The Totally Secret Origin of Foxman

 

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“You won't save yourself that easily, Foxman!”

I had a dozen pairs of designer jeans trying to choke the life out of me and the crudely welded neckpiece of my brand-new powered armor was creaking under the strain. I thought about flaming them with the rockets in my boots, but my Foxman suit was only
mostly
fireproof.

A seam slipped between my neckpiece and my helmet, putting sudden pressure on my carotid artery. Was this really how my short career as a masked hero was going to end? Killed by Michael Damian, my former best friend? Only a few months ago he'd been helping me build a rocket-propelled skateboard in our secret clubhouse. But that was before the Hero Bomb changed the whole world …

As my vision darkened I desperately tried to think of some way to transform the horrific Haberdasher back into my old pal.

*   *   *

And … I glared at the words on the screen. That version of the story wouldn't do at all …

“No. Denmother, cut that last bit. It makes me sound too weak. If I'm going to do this whole stupid memoir thing, I might as well brag myself up.”

A smooth mechanical voice responded. “I think vulnerability might make you seem more human, sir. More relatable.”

Denmother is the voice in my head … literally. I have speakers surgically implanted in my skull so that I can hear her no matter what. She, or rather,
it
, is the AI that runs my powered suit, my home, and my life.

“You're a bodiless computer, what do you know from human?”

“Per standing order one-one-three-four, I reviewed all the appropriate literature when you told me you were embarking on a new project. Vulnerability as a means of building sympathy for a character who might otherwise come across as narcissistic or negative is narrative one-oh-one. Also, since this venture is
supposed
to be in lieu of cognitive therapy and other brain-reprogramming techniques, I think that lying might have a negative impact on your prognosis, sir.”

I paused. I've been having some problems lately … and not so lately. But I'm finally trying to do something about them—thanks in part to my new sidekick, Meerkat. Unfortunately, the best ways to put your head right involve psychiatric professionals and talking therapy, or meditation.

Shrinks are a nonstarter. If I spill my guts to anybody who doesn't have the right security clearances, then OSIRIS—the delightful folks who regulate the whole masked hero world—will ban me for good. And, the kind of shrink that comes with an OSIRIS seal of approval also comes with special reporting requirements under the Franklin Act on Metahuman Activities. Since I can't afford to have the messier stuff in my head get back to OSIRIS—that way leads to banning too, or worse things—I'm out of luck on the psychiatric front.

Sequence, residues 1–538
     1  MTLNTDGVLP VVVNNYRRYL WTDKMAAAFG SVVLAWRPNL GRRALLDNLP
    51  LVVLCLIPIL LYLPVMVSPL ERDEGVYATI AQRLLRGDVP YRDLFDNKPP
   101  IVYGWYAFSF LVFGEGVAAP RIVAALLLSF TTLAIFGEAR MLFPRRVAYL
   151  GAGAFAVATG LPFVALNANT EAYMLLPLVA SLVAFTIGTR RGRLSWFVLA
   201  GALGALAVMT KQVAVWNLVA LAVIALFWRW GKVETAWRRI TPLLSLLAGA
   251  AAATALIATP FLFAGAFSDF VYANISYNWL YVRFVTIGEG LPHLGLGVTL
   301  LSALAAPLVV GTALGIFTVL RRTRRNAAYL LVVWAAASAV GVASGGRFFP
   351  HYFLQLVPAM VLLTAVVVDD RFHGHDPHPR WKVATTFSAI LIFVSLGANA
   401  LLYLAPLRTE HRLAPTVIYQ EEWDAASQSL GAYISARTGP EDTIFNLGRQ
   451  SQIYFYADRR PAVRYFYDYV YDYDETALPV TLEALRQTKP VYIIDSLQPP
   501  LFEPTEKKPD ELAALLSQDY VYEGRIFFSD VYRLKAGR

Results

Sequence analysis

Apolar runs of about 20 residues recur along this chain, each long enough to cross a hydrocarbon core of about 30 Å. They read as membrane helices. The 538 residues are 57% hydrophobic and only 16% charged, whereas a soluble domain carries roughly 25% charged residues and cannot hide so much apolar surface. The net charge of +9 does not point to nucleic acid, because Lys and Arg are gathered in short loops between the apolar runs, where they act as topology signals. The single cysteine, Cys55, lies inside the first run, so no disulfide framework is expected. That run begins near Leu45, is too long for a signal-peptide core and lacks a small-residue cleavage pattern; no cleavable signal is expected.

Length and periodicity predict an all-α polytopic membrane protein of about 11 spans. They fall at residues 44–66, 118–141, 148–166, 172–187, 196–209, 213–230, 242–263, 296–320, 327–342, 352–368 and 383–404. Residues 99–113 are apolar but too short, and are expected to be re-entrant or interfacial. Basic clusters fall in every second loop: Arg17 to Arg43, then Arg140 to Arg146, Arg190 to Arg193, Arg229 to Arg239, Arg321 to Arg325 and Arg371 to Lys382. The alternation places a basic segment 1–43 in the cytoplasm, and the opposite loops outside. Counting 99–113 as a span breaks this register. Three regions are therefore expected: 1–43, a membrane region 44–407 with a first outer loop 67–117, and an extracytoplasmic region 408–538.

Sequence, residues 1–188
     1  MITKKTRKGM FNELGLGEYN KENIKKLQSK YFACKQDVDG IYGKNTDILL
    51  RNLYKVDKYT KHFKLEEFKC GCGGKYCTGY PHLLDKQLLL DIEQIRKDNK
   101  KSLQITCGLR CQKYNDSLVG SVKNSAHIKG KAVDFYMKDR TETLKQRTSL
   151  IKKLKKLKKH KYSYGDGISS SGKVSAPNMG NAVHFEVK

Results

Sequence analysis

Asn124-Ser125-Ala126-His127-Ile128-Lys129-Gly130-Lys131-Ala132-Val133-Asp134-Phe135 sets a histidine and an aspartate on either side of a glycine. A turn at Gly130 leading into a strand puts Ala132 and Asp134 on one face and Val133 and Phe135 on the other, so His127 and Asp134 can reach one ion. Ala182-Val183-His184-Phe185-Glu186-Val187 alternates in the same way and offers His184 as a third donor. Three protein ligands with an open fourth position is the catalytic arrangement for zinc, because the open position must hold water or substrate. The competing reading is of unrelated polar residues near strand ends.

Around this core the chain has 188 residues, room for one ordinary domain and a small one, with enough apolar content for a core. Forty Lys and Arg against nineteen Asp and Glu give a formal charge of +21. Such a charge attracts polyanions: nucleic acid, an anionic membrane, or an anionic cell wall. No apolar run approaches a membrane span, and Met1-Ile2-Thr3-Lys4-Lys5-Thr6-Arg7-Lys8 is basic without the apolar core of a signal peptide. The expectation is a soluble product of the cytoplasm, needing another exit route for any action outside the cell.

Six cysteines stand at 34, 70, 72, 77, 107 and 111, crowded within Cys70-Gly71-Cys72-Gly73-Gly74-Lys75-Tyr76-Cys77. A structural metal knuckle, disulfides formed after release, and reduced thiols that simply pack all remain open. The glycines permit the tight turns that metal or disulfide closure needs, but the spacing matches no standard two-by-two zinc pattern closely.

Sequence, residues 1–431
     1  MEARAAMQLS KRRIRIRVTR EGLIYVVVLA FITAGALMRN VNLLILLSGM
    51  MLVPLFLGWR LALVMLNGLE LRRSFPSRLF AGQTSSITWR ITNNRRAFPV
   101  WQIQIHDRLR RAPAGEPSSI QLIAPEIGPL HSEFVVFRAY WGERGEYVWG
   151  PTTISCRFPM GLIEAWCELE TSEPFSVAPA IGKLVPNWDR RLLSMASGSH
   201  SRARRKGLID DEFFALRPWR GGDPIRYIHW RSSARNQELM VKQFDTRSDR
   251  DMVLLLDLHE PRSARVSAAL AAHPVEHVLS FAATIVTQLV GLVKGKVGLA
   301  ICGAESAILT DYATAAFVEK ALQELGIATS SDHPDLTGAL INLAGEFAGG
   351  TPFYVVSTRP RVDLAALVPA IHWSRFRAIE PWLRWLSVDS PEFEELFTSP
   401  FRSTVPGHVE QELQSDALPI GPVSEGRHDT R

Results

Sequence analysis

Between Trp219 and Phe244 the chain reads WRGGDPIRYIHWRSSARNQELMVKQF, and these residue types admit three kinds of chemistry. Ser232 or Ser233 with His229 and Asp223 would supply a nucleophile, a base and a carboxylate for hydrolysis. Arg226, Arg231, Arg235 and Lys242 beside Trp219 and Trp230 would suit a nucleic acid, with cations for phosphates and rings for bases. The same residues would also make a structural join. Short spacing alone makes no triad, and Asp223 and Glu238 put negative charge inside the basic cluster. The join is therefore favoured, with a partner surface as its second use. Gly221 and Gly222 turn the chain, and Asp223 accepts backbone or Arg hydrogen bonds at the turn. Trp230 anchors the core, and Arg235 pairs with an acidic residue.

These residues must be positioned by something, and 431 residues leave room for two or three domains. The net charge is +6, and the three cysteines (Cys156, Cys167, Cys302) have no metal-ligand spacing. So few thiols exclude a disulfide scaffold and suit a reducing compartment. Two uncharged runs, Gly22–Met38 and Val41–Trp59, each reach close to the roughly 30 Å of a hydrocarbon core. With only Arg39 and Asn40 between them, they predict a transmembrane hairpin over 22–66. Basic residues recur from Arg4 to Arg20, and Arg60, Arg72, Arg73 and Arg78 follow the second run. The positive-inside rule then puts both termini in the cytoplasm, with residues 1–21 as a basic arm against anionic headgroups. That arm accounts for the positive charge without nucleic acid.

So, I've decided that I'll guide my own damned meditation and do something like talking therapy at the same time by writing my autobiography. Well, dictating it anyway.

“Oh, all right. I still don't think I
need
to reprogram my brain, but I suppose if I'm going to make the effort, I should optimize the new code I'm imposing on my frontal lobes. Let's try again, only a step further back in time. Dim the lights and hold all my calls, we're going for a tour of my fundamental neuroses and the bomb that changed the world.”

I really didn't want to do this. Maybe if I pretended it was a screenplay? A major motion picture all about the fabulous Foxman? Yeah. Let's go with that. Foxman's story, not Rand's, not … mine. That would be easier, like talking about things that happened to someone else.

Establishing shot: Close in. A darkly handsome youth crouches on a skateboard in the classic pose coming off a jump, one hand lightly touching the deck which is tilted steeply back. The nighttime background is hard to read, but gives the impression he's hundreds of feet in the air. His face wears an expression composed of equal parts terror and wonder. His mouth is open as though he is screaming, but all is silence.

Focus on the skateboard: It's five times thicker than it ought to be and there's a bright point of nearly invisible flame at the oddly blunt tail. A white vapor trail leads back and down.

Freeze. Shift to bullet time for a fast tracking shot following that trail. It leads downward at a forty-five degree angle to the steel support of a railroad bridge—the ramp. Turn. Zip back along the rough rusty riveted surface to a sharp bend where it leads onto the top of a speeding train. From there it moves the length of a car. Then, the camera drops between two cars and plummets to the rails. The vapor trail continues along the right-hand rail toward shore.

Pan back to the boy and his board. This time the background is clear—Minneapolis, with the boy hanging in space high above the ice-rimmed Mississippi River. The rocket has cut out. He seems perfectly balanced in the air for one more moment … Then, gravity reaches up and takes him. As he starts to fall, sound comes in normally.